African Leadership Academy’s Teaching Africa program started with two successful pilot events in 2017. It features a series of professional development workshops that explore interdisciplinary approaches to teaching about the continent of Africa.
What responsibilities do teachers have when they view, share, and discuss media in the classroom?
Created to support school leaders, teachers, global programs coordinators, and others with a passion for global education, the Teaching Africa program is a series of interactive workshops which seeks to share insights and lessons learned from educating the next generation of African leaders.
The November 2018 workshop, titled Africa Through the Lens: Stories of a Continent Through Photography, Film & Social Media, was inspired by an African Studies course that is unique to the Academy and currently offered to our Year Two students. The day and a half long event invited attendees to connect new media sources to their own curriculum, supplementing and reinforcing their pre-existing text and lecture-based resources. Africa Through the Lens took participants on a journey to explore how they could use various forms of media to bring Africa-related topics to life in their classrooms.
Led by Bowen Kelley and Lisa Simelane, two of ALA’s own faculty members, the workshop began with a wide-ranging survey of African media sources. The group looked at everything from maps and documentary photography, to newsreels and movies, to street portraits and fashion photos on social media. The variety of sources spanned the pre-colonial era, through recent history, and into the present-day. While discussing the importance of form, content, and context, educators also practiced using detailed terminology to describe sources’ framing, focus, style and more, ultimately building the skills and vocabulary to lead their own students through in-depth media and primary-source analysis.
Other sessions, included a discussion of best practices for grading creative assignments, a hands-on exercise with examples of creative project work, and a review of several grading rubrics used at ALA. The educators particularly enjoyed, “getting ideas for practical activities for class that work on multidisciplinary levels,” and, “the interplay of useful content and engaging activities.” At the end of a day packed full of content, the group enjoyed South African cuisine at a local Atlanta restaurant.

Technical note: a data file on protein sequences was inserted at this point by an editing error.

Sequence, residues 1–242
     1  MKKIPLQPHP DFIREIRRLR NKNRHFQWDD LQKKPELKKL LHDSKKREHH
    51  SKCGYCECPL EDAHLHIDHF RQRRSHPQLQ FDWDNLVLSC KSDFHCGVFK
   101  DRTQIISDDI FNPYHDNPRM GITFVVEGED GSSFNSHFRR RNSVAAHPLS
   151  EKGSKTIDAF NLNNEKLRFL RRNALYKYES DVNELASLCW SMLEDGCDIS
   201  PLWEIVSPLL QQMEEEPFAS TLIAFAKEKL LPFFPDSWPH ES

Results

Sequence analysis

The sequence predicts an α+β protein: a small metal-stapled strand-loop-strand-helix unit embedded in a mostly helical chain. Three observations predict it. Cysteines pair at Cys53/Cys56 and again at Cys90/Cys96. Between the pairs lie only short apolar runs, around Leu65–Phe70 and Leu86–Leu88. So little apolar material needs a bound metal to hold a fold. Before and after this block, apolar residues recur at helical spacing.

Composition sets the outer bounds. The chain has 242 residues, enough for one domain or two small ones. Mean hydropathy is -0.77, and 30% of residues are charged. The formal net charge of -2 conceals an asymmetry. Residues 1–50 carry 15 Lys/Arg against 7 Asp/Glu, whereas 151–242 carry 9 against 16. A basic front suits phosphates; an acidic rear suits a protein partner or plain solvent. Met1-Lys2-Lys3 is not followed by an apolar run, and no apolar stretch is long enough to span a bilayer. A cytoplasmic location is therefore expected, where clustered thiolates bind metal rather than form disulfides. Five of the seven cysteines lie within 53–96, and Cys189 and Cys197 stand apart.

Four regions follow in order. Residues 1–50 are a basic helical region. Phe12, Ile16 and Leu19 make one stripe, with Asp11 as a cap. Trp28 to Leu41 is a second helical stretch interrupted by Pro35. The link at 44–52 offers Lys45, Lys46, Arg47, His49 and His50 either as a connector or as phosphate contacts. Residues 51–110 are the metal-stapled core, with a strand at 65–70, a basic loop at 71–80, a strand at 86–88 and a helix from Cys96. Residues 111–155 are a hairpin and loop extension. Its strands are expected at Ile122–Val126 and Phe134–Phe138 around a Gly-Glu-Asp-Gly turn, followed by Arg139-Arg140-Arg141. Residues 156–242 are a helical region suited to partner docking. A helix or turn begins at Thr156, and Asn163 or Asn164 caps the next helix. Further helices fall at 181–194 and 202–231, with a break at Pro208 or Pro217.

The following morning was devoted to discussing ethical dilemmas surrounding the creation and consumption of images of Africa. Acknowledging that everyone looks at media through the “lens” of their own personal biases, participants were challenged with questions such as, “What responsibilities do teachers have when they view, share, and discuss media in the classroom?”
These questions sparked further discussion on the influence that individuals’ own social and cultural backgrounds can have when teaching about people and places that they haven’t experienced firsthand. After much thoughtful dialogue on these and related matters, the workshop culminated with educators working together to develop a set of guidelines for teaching Afrocentric content ethically.
In addition to all of the content gleaned from the workshop, attendees were inspired by the chance to interact with others who shared their passion. Attendees listed “collegiality,” “great ideas and conversation,” and “the combination of genuine enthusiasm and expertise,” as their favorite parts of the event. In the words of one participant, the workshop, “enabled a group of strangers to become a cohesive, collegial, and energetic group of collaborators.” ALA is grateful to all of those who attended and extends thanks to The Westminster Schools for hosting such a wonderful event!
As we celebrate the success of this most recent workshop and look forward to the next one, we invite you to become a part of this exciting, collaborative network. Discourse on Diversity: Meaningful Conversations on Identity and Culture in the African Diaspora